Tonga Room & Hurricane Bar. A mid-20th century icon of tiki style, the Tonga Room is in the historic Fairmont Hotel atop Nob Hill. Its lagoon — the hotel's former basement swimming pool — sports a floating stage where bands perform amid faux rainstorms. Patrons nosh on Pacific Rim fare such as Mongolian beef, Singapore noodles and orange chicken. Tiki drinks are elaborate, brightly colored and deadly strong. Happy hour (5-7 p.m. Wednesdays-Fridays) is a great time to visit. $19-$36. 950 Mason St.; (415) 772-5278, http://www.tongaroom.com.
Beat Museum. Eight bucks gets you into this small museum stashed in a used book and record store. It pays homage to Neal Cassady, Jack Kerouac, Allen Ginsberg and other Beat Generation luminaries with homemade displays and cracked glass cases packed with books, manuscripts, photos and other ephemera, as well as the odd license plate and brown and tan plaid jacket worn by Kerouac. A new addition is the 1949 Hudson, still dusty and dirty, used in the recent "On the Road" movie. 540 Broadway; (800) 537-6822, http://www.kerouac.com 10 a.m.-7 p.m daily, except Christmas and New Year's. Adults $8, students $5.
Freddie's Sandwiches. Little neighborhood sandwich shop in North Beach has been drawing locals since 1926. Choice of breads, but the most popular is the soft sourdough. At $5.95, the Italian combo might be the best deal in town. Even the 6-inch can serve two. No ambience and limited seating, so grab lunch and head to the water. Sandwiches $6 and up. If heaven had a deli.... 300 Francisco St.; (415) 433-2882.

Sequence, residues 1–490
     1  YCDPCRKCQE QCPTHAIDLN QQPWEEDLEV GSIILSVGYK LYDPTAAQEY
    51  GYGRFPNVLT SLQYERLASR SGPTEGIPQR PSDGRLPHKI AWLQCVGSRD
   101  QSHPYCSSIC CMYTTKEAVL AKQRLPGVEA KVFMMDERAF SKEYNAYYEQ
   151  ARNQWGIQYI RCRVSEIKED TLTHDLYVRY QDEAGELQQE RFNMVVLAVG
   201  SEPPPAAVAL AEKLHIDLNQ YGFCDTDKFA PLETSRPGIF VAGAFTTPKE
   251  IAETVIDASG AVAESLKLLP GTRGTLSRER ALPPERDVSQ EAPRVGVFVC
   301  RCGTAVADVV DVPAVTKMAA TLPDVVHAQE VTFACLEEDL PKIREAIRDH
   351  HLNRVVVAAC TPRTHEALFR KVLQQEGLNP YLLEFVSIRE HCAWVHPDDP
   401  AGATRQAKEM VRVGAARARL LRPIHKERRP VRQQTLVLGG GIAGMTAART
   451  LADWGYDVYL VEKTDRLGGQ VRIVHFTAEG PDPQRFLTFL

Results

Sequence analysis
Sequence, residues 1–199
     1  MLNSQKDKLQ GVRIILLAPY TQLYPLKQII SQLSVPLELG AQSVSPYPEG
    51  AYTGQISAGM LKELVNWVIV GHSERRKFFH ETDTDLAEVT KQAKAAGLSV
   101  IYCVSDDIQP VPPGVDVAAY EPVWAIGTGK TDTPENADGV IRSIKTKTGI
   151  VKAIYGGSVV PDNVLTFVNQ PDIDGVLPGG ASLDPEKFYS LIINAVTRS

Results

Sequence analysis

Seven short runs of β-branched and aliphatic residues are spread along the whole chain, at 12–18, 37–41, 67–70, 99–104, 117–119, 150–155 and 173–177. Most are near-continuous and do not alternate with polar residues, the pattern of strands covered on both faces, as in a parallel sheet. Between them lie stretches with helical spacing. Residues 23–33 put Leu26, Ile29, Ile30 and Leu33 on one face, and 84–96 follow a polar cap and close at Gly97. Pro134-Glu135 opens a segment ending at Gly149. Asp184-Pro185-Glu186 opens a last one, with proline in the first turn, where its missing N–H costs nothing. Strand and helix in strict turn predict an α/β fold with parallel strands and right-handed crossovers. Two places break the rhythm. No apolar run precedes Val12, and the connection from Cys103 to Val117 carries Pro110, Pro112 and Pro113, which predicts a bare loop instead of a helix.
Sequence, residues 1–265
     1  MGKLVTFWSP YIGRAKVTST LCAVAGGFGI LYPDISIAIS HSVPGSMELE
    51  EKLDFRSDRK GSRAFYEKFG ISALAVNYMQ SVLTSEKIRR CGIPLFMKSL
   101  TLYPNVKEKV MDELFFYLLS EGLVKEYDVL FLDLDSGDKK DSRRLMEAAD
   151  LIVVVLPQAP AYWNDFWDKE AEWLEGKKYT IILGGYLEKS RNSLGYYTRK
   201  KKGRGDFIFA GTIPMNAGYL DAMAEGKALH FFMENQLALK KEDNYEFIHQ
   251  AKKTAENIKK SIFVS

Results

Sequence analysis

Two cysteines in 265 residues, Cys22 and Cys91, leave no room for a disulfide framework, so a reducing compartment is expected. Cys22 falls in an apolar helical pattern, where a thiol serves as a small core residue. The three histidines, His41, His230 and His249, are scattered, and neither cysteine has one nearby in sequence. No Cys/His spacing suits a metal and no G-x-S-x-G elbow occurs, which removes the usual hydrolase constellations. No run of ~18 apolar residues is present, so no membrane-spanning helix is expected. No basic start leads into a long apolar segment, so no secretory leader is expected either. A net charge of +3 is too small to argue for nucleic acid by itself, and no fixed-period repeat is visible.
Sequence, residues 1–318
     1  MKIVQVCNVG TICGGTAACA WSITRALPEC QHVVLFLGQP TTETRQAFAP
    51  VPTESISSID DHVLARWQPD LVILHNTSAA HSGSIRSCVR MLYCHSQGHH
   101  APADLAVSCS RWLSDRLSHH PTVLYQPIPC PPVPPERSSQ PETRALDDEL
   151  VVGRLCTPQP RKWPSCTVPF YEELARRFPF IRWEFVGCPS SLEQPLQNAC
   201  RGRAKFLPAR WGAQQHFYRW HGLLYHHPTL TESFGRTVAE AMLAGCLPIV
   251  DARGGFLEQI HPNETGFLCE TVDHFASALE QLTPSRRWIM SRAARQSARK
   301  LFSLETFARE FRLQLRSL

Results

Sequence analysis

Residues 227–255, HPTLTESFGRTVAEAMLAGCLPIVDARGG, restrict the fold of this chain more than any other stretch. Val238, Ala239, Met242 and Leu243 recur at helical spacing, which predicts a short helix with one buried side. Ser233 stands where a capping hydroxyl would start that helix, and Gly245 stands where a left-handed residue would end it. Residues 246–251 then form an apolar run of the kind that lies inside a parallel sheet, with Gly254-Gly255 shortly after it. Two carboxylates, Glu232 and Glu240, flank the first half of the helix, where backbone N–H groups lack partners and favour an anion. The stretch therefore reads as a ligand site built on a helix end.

Café Divine. This spot has a tremendous location facing Washington Square Park and a great, airy feel. (It's also a good fallback if the breakfast/lunch line is too long at Mama's, a block away.) Sidewalk tables. Frequent live music, including accordion Mondays. Breakfast, lunch and dinner, with dinner entrees about $13-$20. 1600 Stockton St.; (415) 986-3414, http://www.cafedivinesf.com.
The Bike Rental District. Want to cover the waterfront or the Golden Gate on two wheels? You'll find the Bike Rental District (that's our nickname, not theirs) near the foot of Lombard Street. On this short stretch of Columbus Avenue, near the Joe DiMaggio Playground and North Beach Pool, three bike rental places compete: Bike & Roll San Francisco (899 Columbus Ave.;  229-2000, http://www.bikethegoldengate.com); Columbus Cyclery (801 Columbus Ave.;  561-9999, http://www.gobikeit.com) and Dylan's Tours (782 Columbus Ave.;  932-6993, http://www.dylanstours.com).
Chinese Historical Society of America Museum. Designed by architect Julia Morgan, this sturdy brick building opened in 1932 as the Chinese Young Women's Christian Assn. Exhibits in the main gallery, the YWCA's gymnasium, recount the role of the Chinese in the history of San Francisco and the nation. Among the poignant displays is a small suitcase containing an immigrant's meager possessions: a hat, parasol, pipe, comb and chopsticks. 965 Clay St.; (415) 391-1188, http://www.chsa.org. Open noon to 5 p.m. Tuesdays-Fridays, 11 a.m.-4 p.m. Saturdays. Free first Thursday of the month. Adults $5, students/seniors $3, children ages 2-17 $2.
Chef Jia's. Let others wait in line at the more renowned, more expensive House of Nanking next door. Locals on a budget, or tourists with an eye for value, go to Chinatown for Chef Jia's, where dishes are offered sautéed or deep fried. This nondescript joint has only a dozen tables, and much of the business is neighborhood carry-out. But among the scores of storefront spots lining competitive Kearny Street, this is a standout, mostly for the food's freshness. Chicken dinners feature only breast meat. Try the honey chili chicken. And the five spices duck. From $6.95. 925 Kearny St.; (415) 398-1626.